|Dear Holy Trinity Church,
I greet you in the name of our Lord Jesus Christ, who is the same yesterday, today, and forever.
I write to you out of deep sympathy for all that our world and community is going through right now, and out of a pastoral concern for the ways in which we as the Body of Christ choose to speak and act and relate as the effort to re-open our country and states is under way. So, I offer the following spiritual and missional reflections about how I think God is inviting us to respond to the pandemic and one another.
First, we need to see our situation within the larger story of God’s creative and redemptive purposes. This means resisting the temptation to allow partisan politics and cultural voices dictate our response to this pandemic or our relationships to one another. God’s story narrates the defining realities of our lives: This is our Father’s world; he remains its Creator, Sustainer, and Redeemer from beginning to end (Gen 1-3). We belong to God, our good Shepherd and gracious Keeper (Ps 23, 121), who will see us through every valley. We are the salt of the earth and the light of the world, placed in the world by God to enhance the flavor of life and bear witness to the hope of the gospel (Matt 5). And Christ, who reigns over us and all the world, will make all things new (Rev 22).
Second, we need to acknowledge the loss and cost endured in this pandemic. Some have lost jobs, lost loved ones, lost community; others have lost psychological and emotional health; other economic security. We need to recognize and grieve this, treat each other and our neighbors with sensitivity and compassion, and be willing to bear one another’s burdens so that no one walks this road alone. We also need to remember that the ‘other’ we are serving is not some vague abstraction, but includes our friends and neighbors, our brothers and sisters in Christ, the names we cherish and faces we long to see. So let’s be present to one another in the ways that are available to us, be transparent about what is going on in our lives, encourage and support one another through this.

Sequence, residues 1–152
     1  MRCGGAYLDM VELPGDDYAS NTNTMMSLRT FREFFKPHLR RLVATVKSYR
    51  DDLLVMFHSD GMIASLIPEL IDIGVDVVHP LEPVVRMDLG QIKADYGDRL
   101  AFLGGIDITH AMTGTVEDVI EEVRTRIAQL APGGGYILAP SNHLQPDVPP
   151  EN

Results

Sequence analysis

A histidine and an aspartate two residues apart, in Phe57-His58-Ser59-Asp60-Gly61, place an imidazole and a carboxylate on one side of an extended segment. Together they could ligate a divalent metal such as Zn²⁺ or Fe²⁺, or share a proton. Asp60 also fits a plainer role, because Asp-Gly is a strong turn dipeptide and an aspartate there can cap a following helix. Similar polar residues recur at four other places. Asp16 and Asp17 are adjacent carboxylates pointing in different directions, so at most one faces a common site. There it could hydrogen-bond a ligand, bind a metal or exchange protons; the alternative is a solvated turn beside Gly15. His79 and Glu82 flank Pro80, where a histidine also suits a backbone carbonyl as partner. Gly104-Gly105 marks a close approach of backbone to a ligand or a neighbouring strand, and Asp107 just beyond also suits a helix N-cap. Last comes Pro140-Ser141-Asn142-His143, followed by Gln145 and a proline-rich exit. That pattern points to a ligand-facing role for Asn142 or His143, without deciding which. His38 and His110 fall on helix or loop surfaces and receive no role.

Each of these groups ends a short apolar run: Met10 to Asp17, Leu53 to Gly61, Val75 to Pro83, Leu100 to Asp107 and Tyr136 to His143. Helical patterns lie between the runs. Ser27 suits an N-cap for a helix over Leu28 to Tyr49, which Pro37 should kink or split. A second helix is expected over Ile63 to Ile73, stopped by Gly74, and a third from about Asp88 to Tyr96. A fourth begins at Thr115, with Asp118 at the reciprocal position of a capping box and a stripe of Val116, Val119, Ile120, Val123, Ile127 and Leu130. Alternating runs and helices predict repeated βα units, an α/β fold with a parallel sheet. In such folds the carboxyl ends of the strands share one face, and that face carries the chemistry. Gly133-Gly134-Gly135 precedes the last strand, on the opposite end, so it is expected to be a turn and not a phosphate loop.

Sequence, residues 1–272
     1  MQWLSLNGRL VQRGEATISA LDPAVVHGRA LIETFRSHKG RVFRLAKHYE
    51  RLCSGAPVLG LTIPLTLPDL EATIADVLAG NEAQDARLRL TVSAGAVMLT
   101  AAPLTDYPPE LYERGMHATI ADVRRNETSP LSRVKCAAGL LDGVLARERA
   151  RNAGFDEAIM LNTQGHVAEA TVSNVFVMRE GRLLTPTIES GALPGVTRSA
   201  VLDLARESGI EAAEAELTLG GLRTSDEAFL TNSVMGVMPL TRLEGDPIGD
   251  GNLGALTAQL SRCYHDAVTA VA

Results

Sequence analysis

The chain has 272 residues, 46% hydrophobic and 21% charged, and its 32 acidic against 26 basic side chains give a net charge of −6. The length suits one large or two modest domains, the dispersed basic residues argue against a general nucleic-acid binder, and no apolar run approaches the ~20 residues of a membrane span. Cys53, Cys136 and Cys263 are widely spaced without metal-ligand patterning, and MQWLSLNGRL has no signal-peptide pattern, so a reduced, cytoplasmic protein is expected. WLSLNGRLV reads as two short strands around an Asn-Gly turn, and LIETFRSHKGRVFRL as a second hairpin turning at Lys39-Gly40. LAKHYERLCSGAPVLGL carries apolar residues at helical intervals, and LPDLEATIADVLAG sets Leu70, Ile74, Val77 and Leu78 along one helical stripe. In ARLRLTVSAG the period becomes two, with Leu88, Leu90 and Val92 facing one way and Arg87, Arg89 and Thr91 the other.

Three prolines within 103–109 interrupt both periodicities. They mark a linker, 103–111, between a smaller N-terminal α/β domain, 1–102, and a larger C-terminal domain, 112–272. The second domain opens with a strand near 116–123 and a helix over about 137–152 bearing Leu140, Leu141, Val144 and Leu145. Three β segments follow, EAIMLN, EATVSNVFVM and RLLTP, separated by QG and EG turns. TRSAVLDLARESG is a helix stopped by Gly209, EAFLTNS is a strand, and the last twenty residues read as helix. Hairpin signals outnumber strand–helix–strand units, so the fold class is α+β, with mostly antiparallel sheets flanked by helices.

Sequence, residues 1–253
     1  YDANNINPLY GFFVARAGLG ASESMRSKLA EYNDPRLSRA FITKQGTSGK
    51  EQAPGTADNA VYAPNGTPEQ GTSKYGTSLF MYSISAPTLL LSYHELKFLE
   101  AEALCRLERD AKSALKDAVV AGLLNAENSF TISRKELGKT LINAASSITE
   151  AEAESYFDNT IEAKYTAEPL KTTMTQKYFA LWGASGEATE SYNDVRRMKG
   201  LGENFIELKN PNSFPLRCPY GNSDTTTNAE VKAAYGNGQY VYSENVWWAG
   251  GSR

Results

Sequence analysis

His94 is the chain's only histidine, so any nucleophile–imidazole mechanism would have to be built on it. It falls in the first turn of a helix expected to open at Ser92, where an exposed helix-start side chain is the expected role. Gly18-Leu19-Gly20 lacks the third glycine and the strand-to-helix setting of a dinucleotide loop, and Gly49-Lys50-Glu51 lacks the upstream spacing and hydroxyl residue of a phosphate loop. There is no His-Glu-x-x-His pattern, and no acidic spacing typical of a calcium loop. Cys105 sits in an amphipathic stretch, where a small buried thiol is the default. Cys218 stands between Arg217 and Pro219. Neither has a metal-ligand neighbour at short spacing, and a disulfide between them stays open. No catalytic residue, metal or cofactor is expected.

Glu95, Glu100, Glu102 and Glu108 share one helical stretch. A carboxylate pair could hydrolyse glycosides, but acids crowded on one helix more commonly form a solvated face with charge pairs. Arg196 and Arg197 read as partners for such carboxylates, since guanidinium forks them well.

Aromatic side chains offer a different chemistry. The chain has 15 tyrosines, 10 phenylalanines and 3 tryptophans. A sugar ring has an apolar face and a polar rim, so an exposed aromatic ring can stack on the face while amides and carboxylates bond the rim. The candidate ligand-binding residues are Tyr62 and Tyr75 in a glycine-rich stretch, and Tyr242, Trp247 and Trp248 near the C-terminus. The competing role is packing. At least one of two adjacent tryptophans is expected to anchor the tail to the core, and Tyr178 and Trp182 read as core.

Third, we need to cultivate a social imagination shaped by the virtues and values of the kingdom of God. We live in a culture where many believe unlimited freedom of choice is what it means to be human. But what if real freedom is the ability to choose love? It seems that the social imagination of Jesus (Matt 7:12; John 13:34-35) and his followers (Phil 2:1-5; 1 Pet 3:8-9) was not primarily animated by the ideals of individual rights and self-preservation, but by love and responsibility for others. They consistently commend the virtues and actions of those who care for the weak and needy and defenseless, and do not merely look out for their own interests. So should we.
Finally, we need to care for one another deeply and relate to the world missionally. What would it look like in this time to bless others – whether they are like-minded or not? How do we pursue unity of heart and mind in our church family, in our neighborhoods or places of work? In what ways can we invest in the interests and lives of others? How can we position ourselves for creativity and generosity in the days ahead?
As our beloved Bishop Todd Hunter has said, “If you cease gathering for a period of time, you have not stopped being the church; you are ever more poignantly the church, serving others by denying yourself. Love (2 Cor 5:14) and service for the most vulnerable (Rom 15:1) are the reasons we are changing our behavior, not pressure or fear or self-protection.”
With this spiritual and missional posture in mind, I will be communicating with you in the upcoming weeks about plans and guidelines to gradually restart some of our church ministries and physical worship gatherings in the months ahead. Meanwhile, the pastoral staff and I are here to support you in whatever way we can. Please don’t hesitate to contact us. May the Lord bless you with peace, creativity, and generosity.